Any business would definitely want to know the future in order to benefit out of it. Will customers buy more products during the Christmas season, or will demand to drop off? How much will the business have to spend on overtime during the holidays? Will a hot new product sell out in New York next month?
With the increasing role and responsibilities of the CFO and financial professionals seek solutions to help provide answers to the above questions, and drive performance across the business. Today, predictive analytics is changing the game for companies and their teams.
The basics of predictive analytics in finance
Predictive analytics in finance is where massive amounts of data crunched to find patterns. It helps business owners to decipher customer behavior & also help identify how deep each business factors influence the measures. This, in turn, helps the decision makers to anticipate the outcomes in a complex scenario to make better decisions.
Predictive analytics in financial services can directly affect overall business from strategy, revenue generation, resource optimization to sales nurturing. The reluctance of executives and analysts, however, to embrace automation is hugely expensive in terms of capital, productivity, reaction time, time to market, and in most cases bottom-line results. Full automation of predictive and prescriptive analytics supported by machine learning must be a core part of the equation. Of course, some industries already use predictive analytics. The insurance industry is a fine example, where companies have sliced and diced mortality data to predict when policyholders with life policies will die. But the world of predictive analytics goes far beyond the insurance industry.
Here are just four of the many ways predictive analytics can help finance teams move their companies ahead of the competition.
1. Predicting revenue
A plethora of marketing, sales, operation, and even customer behavior data is making it possible for finance teams to not only forecast revenue more accurately but anticipate future demand for products. For instance, car manufacturers have long used historical purchase data to predict demand; now they can overlay that data with information regarding current internet searches to better forecast sales.
2. Slashing expenses extraordinarily
Predictive analytics can help lower a variety of costs, particularly unexpected ones, by detecting where underperformance is likely to occur. In the health care industry, for example, hospitals are subject to reduced Medicare payments if their patient readmission rates are high. These fines can be up to 3 percent of total revenue from Medicare for hospitals with the highest readmission rates, according to the U.S. Centers for Medicare and Medicaid Services. By using predictive analytics to identify which patients are most likely to have post-discharge problems, hospitals can give extra care and instructions to at-risk patients and potentially save millions of dollars.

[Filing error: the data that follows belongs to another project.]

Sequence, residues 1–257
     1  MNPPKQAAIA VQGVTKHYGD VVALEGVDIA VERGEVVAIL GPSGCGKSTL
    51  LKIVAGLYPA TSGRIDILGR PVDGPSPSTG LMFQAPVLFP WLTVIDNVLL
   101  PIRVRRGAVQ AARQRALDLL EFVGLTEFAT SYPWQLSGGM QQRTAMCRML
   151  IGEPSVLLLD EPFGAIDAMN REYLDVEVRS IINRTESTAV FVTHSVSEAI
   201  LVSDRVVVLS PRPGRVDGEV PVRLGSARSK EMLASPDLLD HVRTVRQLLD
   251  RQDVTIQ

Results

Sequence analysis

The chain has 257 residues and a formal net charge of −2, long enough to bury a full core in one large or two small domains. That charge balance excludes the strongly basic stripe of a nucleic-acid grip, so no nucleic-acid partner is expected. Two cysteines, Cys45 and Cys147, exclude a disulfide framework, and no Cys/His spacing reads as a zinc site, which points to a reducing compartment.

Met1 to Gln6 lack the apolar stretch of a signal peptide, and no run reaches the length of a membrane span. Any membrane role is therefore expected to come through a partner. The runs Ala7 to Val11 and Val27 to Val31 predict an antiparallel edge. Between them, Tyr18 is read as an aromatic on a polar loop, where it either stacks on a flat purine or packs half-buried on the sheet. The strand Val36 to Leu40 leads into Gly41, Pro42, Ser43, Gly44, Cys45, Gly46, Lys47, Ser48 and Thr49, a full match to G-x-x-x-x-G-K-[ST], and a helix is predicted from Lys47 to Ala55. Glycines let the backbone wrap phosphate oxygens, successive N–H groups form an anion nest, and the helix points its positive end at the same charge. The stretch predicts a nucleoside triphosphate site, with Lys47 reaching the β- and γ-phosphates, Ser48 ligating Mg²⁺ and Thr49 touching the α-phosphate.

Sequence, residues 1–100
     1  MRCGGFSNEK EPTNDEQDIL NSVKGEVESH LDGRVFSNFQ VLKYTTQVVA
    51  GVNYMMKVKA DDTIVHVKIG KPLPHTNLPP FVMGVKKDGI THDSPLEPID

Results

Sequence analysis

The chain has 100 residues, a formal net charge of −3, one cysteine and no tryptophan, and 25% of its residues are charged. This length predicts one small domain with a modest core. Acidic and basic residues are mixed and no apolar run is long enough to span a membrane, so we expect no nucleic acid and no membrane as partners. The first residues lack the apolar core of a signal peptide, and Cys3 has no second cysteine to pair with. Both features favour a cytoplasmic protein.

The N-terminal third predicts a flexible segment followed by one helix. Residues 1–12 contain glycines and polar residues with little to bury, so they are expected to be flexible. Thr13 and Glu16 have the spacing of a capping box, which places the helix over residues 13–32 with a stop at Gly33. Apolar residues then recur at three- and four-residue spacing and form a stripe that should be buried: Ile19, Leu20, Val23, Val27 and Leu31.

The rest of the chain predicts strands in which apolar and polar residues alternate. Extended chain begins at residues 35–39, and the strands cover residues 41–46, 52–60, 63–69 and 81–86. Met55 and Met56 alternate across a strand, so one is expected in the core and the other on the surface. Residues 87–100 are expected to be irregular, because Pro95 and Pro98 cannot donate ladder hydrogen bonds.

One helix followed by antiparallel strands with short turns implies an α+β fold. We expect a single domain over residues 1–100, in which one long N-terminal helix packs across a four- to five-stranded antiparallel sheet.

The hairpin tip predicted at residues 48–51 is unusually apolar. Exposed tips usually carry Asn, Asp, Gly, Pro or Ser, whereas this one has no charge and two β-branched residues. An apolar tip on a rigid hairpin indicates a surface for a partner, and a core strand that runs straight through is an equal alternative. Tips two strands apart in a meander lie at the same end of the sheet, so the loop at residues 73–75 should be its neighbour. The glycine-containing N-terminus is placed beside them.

3. Improving supply-chain efficiency
Predictive analytics can take massive amounts of data from point-of-sale systems and make real-time forecasts of when and where products are likely to sell out or not move at all. This foresight can save retailers significant amounts of money that might otherwise be wasted on emergency inventory purchases to meet unexpected demand or shipping inventory where it’s not needed. Ensuring that popular products are always in stock keeps customers happy, too.
4. Reducing labor costs
There are dozens of ways to apply predictive analytics to labor costs. In the utility industry, for example, predictive analytics can use data from meters to forecast which customers will have high bills that month. This can be used to boost customer satisfaction by alerting households about high bills before they arrive. If customers are more likely to call the utility provider when their bills are high, predictive analytics can not only help finance teams project revenue more accurately, but they can also predict labor costs at call centers.
5. Detecting fraud
It’s an obligation for financial teams to guarantee the highest level of security to its customers. The main challenge for companies is to find a good fraud detecting system with criminals always hacking new ways and setting up new traps. Only qualified data scientists can create perfect algorithms for detection and prevention of any anomalies in user behavior or ongoing working processes in this diversity of frauds. For example, alert for unusual financial purchase for a particular user, or large cash withdrawal will lead to blockage of such an action until the customer confirms them. In the stock market, machine learning tools can identify patterns in trading data that might indicate manipulations and alert staff to investigate.
However, the greatest thing of such algorithms is the ability of self-teaching, becoming more and more effective and intelligent over time.
The use of predictive analytics is spreading like wildfire. The ability to see even a tiny piece of the future can lead to happier customers, improved efficiency and productivity, and more successful business decisions.